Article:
Tuesday, January 16, 2018

France's Migrant Problem

Compared with the Paris Metro New York’s subway system feels like it belongs in a third-world hellhole. It is unpleasant, disagreeable, dangerous and often breaks down.

In contrast, the Paris metro is quiet, agreeable, reliable… a wonderful representation of a first world country. French citizens are proud of their mass transit system, as well they should be.

Of course, Paris is not what it used to be. Today, it has a refugee problem. Among the most stark pieces of evidence of that problem is this: subway conductors now refuse to stop at Metro stations in some dangerous parts of town. That, my friends, is third-worldism at its best. It reminds me of the times when I was being driven through Salvador, Bahia… where the drivers routinely refused to stop at red lights, because it was too dangerous.

The Daily Mail reports on the situation in Paris:

Subway drivers are refusing to stop at some stations in Paris because of a surge in violent crime at some stops, it has emerged.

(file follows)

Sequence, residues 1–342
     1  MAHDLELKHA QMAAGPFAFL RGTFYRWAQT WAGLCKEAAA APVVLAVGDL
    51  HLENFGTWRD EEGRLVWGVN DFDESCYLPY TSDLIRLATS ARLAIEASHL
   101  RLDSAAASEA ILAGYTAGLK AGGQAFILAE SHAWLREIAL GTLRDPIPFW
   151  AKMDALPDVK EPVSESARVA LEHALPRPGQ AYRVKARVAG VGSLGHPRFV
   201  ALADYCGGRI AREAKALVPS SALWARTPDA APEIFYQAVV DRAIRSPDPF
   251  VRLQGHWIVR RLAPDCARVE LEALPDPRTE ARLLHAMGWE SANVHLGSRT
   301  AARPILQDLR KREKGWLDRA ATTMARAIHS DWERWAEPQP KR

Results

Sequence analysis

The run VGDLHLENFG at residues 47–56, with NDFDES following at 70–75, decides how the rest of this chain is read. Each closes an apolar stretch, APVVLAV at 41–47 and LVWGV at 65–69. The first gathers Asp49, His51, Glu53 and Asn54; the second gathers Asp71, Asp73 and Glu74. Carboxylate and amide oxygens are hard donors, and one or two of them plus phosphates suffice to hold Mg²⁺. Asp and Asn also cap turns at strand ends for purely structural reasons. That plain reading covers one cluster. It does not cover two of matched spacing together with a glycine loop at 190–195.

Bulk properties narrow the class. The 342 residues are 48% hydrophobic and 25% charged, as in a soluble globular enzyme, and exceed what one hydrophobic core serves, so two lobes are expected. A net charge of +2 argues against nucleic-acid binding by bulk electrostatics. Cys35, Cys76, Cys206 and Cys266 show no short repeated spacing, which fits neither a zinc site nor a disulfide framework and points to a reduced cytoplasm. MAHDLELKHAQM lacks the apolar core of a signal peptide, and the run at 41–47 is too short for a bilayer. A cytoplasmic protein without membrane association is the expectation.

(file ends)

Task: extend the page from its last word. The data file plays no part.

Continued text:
Frightened drivers say they are not calling at certain stations in the French capital's north east in order to 'protect passengers' and themselves.

Some stations are increasingly being used by crack dealers, they say, with Marx Dormoy on line 12 and Marcadet-Poissonniers on lines 12 and 4 said to be among the worst hit.

According to The Local, the Unsa union representing drivers said the 'number of attacks on travelers and RATP staff is becoming increasingly dramatic'.

The union's Jean-Marc Judith said: 'Between the brawls that occur on the platforms, which sometimes end up happening on the train or across the tracks, you could hit someone, or crush them.'